Thursday, June 18, 2009

Perfecting society, one law at a time

From Washington, D.C., comes news that the Obama administration plans a massive program of new government-imposed financial regulations. Just a week ago, the federal government stepped up its war against people who enjoy games of chance by freezing online poker winnings. And Germany's latest effort to "save the children" involves a nationwide ban on violent video games. It's clear that, for good or ill, we live in a control-minded age. But has anybody stopped to ask the human cost of the growing web of laws in which we're ensnared?

Over 2,000 years ago, Tacitus, a Roman senator and historian, warned, "The more numerous the laws, the more corrupt the government." Even earlier, the Chinese philospher Lao Tzu cautioned, "The more artificial taboos and restrictions there are in the world, the more the people are impoverished.... The more that laws and regulations are given prominence, the more thieves and robbers there will be."

For millennia, anybody with a brain has known that weighing people down with laws -- even well-intentioned laws -- is expensive. Regulation extracts a price in wealth, in liberty and in blood. Laws and their enforcement can be tailored to suit well-connected constituencies, providing ample opportunities for bribery and malicious prosecution.

This isn't some abstract problem -- the cost of laws comes with names like John Adams, who was killed during a drug raid on the wrong house, Kathryn Johnston who was gunned down by cops working from a bad tip, and Salvator Culosi, who took an unprovoked bullet during an investigation of sports gambling.

To the ranks of those killed, you can add the many more names of those deprived of property, or imprisoned or otherwise damaged by enforcement of laws that somebody thought were a good idea. People like Linda Dorman, for instance, who was robbed of $4,000 by authorities in Tenaha, Texas, because she couldn't explain the source of the cash to their satisfaction.

Some of these people, like Dorman, Adams and Johnston, were innocent bystanders deprived of life and property during misfired attempts to enforce (or corrupt attempts to misuse) regulations that reach their tentacles deep into people's lives. Others, like Culosi, may have violated laws that they just found obnoxious and unworthy of respect.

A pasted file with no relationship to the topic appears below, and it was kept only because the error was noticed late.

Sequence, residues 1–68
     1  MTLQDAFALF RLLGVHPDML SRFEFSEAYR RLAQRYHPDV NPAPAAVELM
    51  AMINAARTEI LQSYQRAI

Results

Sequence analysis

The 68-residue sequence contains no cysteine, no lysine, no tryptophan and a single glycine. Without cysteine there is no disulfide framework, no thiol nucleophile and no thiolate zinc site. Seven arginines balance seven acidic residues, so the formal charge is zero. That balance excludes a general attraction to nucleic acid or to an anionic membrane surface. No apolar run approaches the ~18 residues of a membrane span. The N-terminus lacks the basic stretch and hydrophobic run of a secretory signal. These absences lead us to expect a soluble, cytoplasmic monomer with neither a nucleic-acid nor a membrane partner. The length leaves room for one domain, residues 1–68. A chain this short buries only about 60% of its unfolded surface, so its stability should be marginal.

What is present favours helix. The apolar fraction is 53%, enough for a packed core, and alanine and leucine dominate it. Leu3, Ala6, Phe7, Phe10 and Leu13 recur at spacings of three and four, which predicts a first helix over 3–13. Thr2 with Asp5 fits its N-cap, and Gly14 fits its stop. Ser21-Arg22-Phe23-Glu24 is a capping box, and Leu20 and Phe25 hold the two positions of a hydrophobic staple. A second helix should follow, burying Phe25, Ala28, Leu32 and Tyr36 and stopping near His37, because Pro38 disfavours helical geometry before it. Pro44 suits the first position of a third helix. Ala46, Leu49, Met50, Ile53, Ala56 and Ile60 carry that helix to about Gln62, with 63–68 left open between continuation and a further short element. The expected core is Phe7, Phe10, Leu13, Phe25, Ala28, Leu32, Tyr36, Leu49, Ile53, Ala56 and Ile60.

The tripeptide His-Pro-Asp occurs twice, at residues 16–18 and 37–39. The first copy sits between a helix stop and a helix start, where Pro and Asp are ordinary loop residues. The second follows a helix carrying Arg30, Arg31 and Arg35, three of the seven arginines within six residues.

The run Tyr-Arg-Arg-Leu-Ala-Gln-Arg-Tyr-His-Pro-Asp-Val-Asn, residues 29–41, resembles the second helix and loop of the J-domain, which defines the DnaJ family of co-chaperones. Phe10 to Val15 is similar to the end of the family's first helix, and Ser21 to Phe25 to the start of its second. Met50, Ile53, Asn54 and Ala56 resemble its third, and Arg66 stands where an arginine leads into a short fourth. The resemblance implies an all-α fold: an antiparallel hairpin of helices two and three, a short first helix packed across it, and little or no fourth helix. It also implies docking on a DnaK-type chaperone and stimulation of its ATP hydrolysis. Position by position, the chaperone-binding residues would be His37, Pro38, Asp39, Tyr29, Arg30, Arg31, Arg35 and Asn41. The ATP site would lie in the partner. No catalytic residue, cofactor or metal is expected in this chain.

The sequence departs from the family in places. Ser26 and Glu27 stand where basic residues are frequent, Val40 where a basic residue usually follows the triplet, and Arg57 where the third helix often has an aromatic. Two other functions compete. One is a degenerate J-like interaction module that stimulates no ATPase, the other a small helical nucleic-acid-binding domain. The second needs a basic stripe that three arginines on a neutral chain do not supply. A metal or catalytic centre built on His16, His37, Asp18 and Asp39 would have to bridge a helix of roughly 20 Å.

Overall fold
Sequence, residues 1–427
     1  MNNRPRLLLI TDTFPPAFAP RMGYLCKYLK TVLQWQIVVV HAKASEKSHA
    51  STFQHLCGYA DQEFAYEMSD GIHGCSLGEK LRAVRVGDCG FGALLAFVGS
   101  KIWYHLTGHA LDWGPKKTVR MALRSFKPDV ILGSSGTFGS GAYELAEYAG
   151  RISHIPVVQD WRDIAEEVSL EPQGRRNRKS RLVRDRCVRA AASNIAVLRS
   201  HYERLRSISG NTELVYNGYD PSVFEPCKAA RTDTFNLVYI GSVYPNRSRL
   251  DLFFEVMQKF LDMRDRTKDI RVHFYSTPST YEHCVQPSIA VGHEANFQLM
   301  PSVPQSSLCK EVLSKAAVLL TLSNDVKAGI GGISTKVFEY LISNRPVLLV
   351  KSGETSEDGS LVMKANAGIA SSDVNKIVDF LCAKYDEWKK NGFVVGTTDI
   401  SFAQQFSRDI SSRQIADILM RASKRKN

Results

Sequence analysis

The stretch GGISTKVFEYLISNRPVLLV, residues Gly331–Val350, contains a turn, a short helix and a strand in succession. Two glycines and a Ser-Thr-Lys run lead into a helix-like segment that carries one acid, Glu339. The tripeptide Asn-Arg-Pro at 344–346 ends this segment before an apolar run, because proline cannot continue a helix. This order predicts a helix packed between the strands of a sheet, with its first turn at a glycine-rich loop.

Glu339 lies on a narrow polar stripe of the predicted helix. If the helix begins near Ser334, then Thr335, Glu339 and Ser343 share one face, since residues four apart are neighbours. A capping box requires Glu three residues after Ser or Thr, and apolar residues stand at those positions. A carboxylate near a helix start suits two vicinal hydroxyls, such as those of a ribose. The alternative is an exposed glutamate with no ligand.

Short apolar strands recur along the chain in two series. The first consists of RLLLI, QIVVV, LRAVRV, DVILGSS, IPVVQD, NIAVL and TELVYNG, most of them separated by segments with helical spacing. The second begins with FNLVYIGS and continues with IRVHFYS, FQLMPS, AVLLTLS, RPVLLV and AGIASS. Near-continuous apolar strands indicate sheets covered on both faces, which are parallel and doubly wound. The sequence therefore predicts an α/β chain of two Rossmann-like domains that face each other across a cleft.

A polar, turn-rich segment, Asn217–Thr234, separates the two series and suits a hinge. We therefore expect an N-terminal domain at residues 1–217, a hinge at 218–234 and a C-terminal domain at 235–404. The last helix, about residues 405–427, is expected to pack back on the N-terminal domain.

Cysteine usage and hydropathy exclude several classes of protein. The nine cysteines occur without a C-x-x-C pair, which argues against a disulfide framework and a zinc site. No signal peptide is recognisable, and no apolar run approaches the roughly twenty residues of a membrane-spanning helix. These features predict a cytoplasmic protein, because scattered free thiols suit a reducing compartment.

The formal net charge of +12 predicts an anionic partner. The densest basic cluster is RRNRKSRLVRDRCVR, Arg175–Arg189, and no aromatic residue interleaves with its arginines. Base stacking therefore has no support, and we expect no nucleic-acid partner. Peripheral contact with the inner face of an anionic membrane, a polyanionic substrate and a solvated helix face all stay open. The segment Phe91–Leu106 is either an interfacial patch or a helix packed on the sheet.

The fact is, even the best-intentioned laws will meet some degree of noncompliance. The more contentious the passage of any given law is, the more likely a large segment of the population will defy legislation that many people oppose. That means plenty of contact between the public and enforcers, with handcuffs, bars and bullets potentially in store for people who might be your friends, neighbors or family.

The income tax in the United States has a relatively high rate of compliance by world standards at 84%. That still means millions of people are at risk of conflict with the Internal Revenue Service.

About 42% of Americans have smoked marijuana, and about 16% used cocaine, despite the illegality of both.

Teens risk child pornography charges for sending nude pictures of themselves to their friends, yet 20% of them still engage in the practice.

And European gun control laws, sometimes pointed out as models for the United States, have actually resulted in a situation where many more guns are held illegally than legally, by significant percentages of the population.

Even petty smoking bans have bred an underground culture of smokeasies where people puff away, risking violent arrest at the hands of authorities claiming concern for improving the public's health.

Such widespread defiance of laws breeds escalated enforcement efforts by the authorities. Policing becomes more drastic, more intrusive, more violent -- and always less just. People go to prison, assets are seized, businesses destroyed, and some folks are killed, all in the name of somehow making the world a better place with just one more law. Some of the people paying the price will be "criminals." Others are just in the wrong place at the wrong time.

We certainly need some rules of the game to deter the predators among us. A grim price is worth the protection we hope to receive from murderers, rapists, muggers and the like.

But any proposal for a new law (or for maintaining an old one) should come with a question attached: How many people are you willing to kill to see this enforced?

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